Since becoming a mother, pursuing an ethical and sustainable life has been a high priority for Dutch TV and radio presenter Milouska Meulens (43). Below, Milouska reflects on her sustainability journey and offers sound, practice advice for others. Lucy von Sturmer reports.
Like many young women, sustainability wasn’t always the driving force behind Milouska’s purchasing decisions.
“When I went shopping in my early 20s, I only wanted to look good, and when I ordered something to eat, I didn’t think too much about where the ingredients came from.”
However all of this changed when she became pregnant.
“It’s a cliche, but I suddenly had this instinct to do whatever I could to protect the planet. I had this immediate feeling that I didn’t want to put any more pollution into the world.”
Small Steps – Buy Less & Start Swapping!
One of the simple ways Milouska and her partner Joris Marseille, (also a news presenter, and yes – they did meet on the job), have worked to become more sustainable is through simply consuming less and eating vegetarian.
“I feel fortunate because within my circle of friends, we share and exchange baby clothes and other things. It’s a nice experience, and because the children are all of various ages, we almost completely avoid having to buy new things. ”
Sustainability – What does it mean?
For Milouska, sustainability isn’t just about individual actions such as using less plastic or reducing her carbon dioxide consumption. It’s bigger than that.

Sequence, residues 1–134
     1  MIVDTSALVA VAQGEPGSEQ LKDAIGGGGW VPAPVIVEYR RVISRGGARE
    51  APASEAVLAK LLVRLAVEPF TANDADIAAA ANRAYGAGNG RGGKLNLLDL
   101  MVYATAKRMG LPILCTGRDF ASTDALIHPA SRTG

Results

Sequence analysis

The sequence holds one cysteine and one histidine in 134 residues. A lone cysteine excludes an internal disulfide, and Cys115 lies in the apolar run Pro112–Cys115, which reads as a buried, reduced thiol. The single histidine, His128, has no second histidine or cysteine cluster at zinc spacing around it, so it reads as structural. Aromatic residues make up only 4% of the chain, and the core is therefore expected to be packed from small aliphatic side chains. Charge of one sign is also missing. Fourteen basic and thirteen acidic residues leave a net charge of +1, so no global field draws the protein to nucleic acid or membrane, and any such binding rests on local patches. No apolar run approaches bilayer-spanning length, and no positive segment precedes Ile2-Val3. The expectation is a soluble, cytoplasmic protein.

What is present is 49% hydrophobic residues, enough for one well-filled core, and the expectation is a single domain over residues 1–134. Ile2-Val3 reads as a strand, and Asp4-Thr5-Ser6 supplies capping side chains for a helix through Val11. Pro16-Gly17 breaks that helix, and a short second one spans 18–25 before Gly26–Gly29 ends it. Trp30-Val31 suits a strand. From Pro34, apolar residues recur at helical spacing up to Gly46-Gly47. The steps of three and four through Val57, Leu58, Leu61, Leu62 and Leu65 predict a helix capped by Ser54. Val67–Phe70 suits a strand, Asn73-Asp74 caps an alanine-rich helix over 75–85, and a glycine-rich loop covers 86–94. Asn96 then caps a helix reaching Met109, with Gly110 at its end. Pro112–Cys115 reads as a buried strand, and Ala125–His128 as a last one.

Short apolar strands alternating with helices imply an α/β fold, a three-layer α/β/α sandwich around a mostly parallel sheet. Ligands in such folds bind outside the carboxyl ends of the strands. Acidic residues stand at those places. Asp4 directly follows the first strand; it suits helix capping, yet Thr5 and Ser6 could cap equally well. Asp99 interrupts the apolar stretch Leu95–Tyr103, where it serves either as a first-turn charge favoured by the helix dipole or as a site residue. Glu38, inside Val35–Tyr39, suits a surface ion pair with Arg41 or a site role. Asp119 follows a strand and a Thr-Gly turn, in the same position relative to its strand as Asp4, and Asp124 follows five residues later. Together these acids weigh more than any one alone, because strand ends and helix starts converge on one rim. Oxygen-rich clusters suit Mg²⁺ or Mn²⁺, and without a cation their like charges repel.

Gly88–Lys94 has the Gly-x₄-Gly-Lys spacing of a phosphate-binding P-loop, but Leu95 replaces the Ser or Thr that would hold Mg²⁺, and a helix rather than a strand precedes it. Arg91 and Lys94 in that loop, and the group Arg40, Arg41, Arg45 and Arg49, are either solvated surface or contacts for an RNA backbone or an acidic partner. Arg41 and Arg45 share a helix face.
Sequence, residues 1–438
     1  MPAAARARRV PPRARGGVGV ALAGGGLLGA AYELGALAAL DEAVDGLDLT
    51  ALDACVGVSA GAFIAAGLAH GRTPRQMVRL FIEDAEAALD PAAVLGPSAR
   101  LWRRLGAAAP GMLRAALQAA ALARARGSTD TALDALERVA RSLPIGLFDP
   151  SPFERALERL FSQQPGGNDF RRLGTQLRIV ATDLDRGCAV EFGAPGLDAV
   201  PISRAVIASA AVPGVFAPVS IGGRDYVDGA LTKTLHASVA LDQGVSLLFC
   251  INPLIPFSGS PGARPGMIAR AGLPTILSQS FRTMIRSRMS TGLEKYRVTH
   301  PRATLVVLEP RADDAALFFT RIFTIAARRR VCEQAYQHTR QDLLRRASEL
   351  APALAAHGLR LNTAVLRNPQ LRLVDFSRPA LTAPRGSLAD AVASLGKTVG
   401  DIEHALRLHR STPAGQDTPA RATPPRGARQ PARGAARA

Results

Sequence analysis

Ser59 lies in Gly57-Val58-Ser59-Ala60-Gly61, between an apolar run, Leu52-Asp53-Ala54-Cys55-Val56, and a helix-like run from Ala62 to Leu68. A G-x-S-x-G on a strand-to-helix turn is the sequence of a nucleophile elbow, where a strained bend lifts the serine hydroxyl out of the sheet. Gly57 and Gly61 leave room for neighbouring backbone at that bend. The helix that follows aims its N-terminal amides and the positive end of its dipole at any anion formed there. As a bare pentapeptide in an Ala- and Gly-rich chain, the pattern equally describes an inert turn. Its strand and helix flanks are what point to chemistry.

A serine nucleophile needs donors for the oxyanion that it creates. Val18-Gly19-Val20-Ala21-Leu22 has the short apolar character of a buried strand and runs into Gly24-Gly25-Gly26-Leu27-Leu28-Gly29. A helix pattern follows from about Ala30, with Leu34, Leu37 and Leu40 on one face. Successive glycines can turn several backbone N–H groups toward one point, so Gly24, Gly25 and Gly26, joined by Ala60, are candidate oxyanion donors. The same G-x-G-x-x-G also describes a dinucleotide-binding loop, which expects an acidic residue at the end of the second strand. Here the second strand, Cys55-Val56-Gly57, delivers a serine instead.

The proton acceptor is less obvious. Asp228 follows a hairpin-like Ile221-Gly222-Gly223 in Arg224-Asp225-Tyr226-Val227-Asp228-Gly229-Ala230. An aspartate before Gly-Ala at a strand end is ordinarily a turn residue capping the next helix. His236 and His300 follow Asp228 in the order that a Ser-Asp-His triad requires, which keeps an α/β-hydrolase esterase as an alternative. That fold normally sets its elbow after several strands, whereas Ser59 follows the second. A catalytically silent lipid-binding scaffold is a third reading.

“Sustainability is about reaching out and connecting with one another, and also with nature. It’s about having an awareness that when we destroy the environment, we destroy ourselves.”
Ditching the High Street
If it were up to her, she might just wear her favourite sweater each day while presenting in her current role on “Early Birds”, a Dutch TV show dedicated to exploring themes around animal welfare and the environment in The Netherlands.
However, her stylist Chananja de Kok, has different ideas. Last year, when Milouska expressed her interest in only wearing sustainable clothing, the two of them embarked on a journey to find attractive, yet sustainable clothing brands.
“I knew exactly which fast fashion stores I wanted to avoid, and the “no” list was long, but we soon realised our “yes” list was empty.”
After some initial research, they found a few brands which promised safer materials and working conditions for those who made them, but Milouska couldn’t identify with the look. “It was too “outdoorsy.”
“I didn’t always want to look like I was on the verge of climbing a mountain, so it was a relief when my stylist found sustainable fashion stores like Charlie + Mary.”
Sustainable Fashion – An Urgent Issue
Today, fast fashion is widely recognised as the second most polluting industry in the world, and almost every month horrific events unfold such as the collapse of the Rana Plaza building in 2013 and the death of over 1000 workers, or child refugees being discovered on the supply chain.
Pursuing sustainability in fashion has never been more urgent, and Milouska believes we can no longer afford to keep our head in the sand.
“My generation was really able to say “we didn’t know” – because we didn’t. But we do now! Today, I refuse to wear things that I know were made by others in oppressive or dangerous situations. And I struggle to understand how we can ignore this.
Milouska believes that fashion is not only about how good something makes you look, but how good something makes you feel.
“And this is not only about your appearance, but who you are in the world too.”
- Follow Fashion Revolution – a not-for-profit global movement calling for greater transparency in the supply chain. Follow “The Garment Worker Diaries.”
- Explore the blog sections on Well Made Clothes – an Australian based website which promotes sustainable clothing. Start with “There’s Political Power in Rejecting Overconsumption.”